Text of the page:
Tag Archives: Homie
UPDATE: HOMIE LEARNED TO FLY!
Heather Dagle from 7 Seas Whale Watch reports that this sweet fledgling appeared several days ago after its nest, which was located at Fisherman’s Wharf, was destroyed in a recent storm. He/she has yet to learn how to fly however, its Mom stops by daily to feed it regurgitated food. After seeing how much the fledgling enjoyed splashing around in a bowl of water placed there by Heather and Kate, I dropped off a big galvanized tub. Heather promises to send a picture if he jumps in!
Did you know that 7 Seas Whale Watch was voted best Boston’s Best Whale Watching company by WGBH-Boston Reader’s Poll? Check out their website Here.
All images except fledgling gull courtesy Google image search.
Four years? Seems like just yesterday.
Homie: “You’re not from around here are you? May I show you the cove?” Solitude of the lonely Homie. Cold, lonely, rubbery, but Patriotic! A little stand offish at first. They’re eyes locked and Homie was in love. “So how many children should we have?” Homie wasn’t wasting any time. “I have a lovely nest on Milk Island.” You’re not listening to a word I’m saying!” “We could make it work!”
I cannot believe it has only been four years since the Rubber Duck met Homie on a blustery day just like today, April 18, 2011. When I posted that first part of the Rubber Duck saga I was only joking about it being a twenty part series. Little did I know that six hundred posts later the story is still not finished. To commemorate their anniversary I repost the first few chapters. Part I posted April 18th, 2011: (This will be a twenty part series.) Part II posted April 19th, 2011: But first, the back story. Two lonely birds: But soon the connection was made and time stopped. ” “I am so out of here!” But Homie came back of course and took Rubber Duck all over.
By now you have all heard of the party on Friday at Cape Ann Giclee but did you know that there will be four and only four Rubber Duck signed photographs that were shot during the original meeting of Homie and the Rubber Duck? Four people will be lucky enough to walk out with a piece of history!
And there will be other artist’s stuff and beer and Rubber Duck.
Come Party and Check Out The Latest Photography From Your Favorite GMG Contributors
Print Sizes 17” x 22” Priced at $60 Theory Being That We Want The Pieces To Be Affordable and Get Them On People’s Walls Rather Than Stacked Up In A Gallery Somewhere.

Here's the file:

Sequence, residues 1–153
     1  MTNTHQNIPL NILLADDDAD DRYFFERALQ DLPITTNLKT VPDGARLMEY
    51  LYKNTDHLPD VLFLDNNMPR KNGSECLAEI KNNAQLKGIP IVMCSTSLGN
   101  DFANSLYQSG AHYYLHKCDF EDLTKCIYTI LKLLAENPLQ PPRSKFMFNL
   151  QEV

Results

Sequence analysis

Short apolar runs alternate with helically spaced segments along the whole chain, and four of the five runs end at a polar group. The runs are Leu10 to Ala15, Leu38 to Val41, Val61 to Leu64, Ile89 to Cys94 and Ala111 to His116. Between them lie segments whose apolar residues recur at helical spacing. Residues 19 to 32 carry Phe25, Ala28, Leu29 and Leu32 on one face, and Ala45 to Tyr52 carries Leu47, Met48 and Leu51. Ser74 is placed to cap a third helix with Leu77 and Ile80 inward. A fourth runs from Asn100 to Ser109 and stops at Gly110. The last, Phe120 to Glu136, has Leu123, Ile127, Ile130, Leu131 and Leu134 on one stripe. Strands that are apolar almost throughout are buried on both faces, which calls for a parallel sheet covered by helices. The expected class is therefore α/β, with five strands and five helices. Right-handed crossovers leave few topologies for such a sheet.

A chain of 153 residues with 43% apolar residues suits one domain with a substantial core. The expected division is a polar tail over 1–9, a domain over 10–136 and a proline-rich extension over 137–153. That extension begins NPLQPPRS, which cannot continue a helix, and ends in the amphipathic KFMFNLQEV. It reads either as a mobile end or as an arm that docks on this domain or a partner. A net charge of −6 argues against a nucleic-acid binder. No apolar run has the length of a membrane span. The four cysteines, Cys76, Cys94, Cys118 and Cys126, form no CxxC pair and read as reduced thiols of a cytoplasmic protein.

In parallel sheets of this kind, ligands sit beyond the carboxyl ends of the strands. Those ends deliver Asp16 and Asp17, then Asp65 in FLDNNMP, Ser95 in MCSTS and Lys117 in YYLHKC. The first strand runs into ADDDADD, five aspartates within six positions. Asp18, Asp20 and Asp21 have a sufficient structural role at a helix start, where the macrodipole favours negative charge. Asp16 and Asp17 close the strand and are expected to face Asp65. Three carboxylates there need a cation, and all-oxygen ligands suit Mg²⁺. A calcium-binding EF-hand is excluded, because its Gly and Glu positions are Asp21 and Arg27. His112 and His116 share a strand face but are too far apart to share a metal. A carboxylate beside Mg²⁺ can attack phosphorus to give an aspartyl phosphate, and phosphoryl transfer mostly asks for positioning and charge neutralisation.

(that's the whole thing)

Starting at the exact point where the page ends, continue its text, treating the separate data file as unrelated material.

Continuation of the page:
April 10, 2015 from 5 to 8PM
20 Maplewood Ave, Gloucester, MA 01930
Socially Awkward Rubber Duck
Herb Wennerberg reminds everyone that the Open Door Empty Bowl Dinner is Thursday, May 8th, from 4 to 8pm at Cruiseport.
Herb submits this funny video from last year’s event, with footage of uninvited guest Homie, who not only eats someone else’s soup, he makes a terrible mess, and tries to take the pretty bowl with him! My goodness Homie, such bad manners!
That Rubber Duck is too small. To get a gigantic Rubber Duck to our shores please “like” the Facebook Page, “Bring the Rubber Duck to Gloucester Harbor“. We need that page liked at least one hundred more times before we can submit a gigantic rubber duck request.
Although ubiquitous where ever we turn, I was curious about the several different species that are often observed fishing and feeding together at dawn. The flocks of seagulls that we see on Cape Ann at this time of year are typically comprised of two species and they are the Great Black-backed Gull and the Herring Gull. In the above photo taken at daybreak (click to view larger), you can see both species; the gulls with speckled feather patterns are first year fledglings of both the Great Black-backed and Herring Gulls.
Interestingly, early in the twentieth century, both species of gulls were mostly winter visitors, neither staying to breed when the weather warmed. The first pair of breeding Herring Gulls was discovered on Martha’s Vineyard in 1912. The first pair of breeding Great Black-backed Gulls was found in Salem in 1932.
The Great Black-backed Gull (Larus marinus) is the larger of the two, up to 30,” with a black back and wings, yellow bill distinguished by a red dot on the bottom near the tip, and pinkish legs.
The Herring Gull (Larus argentus), at 25 inches, has gray wings tipped with black, gray back, white head, pinkish legs, and yellow bill also with a red dot on the bottom near the tip.
The Ring-billed Gull (Larus delawarensis) is also a regular visitor but according to Mass Audubon, it has never successfully bred in Massachusetts. The Ring-billed at first glance looks similar to the Herring Gull but is the smallest of the three at 17″ and is also easy to distinguish as it has yellow legs and a dark gray band near the tip of its bill.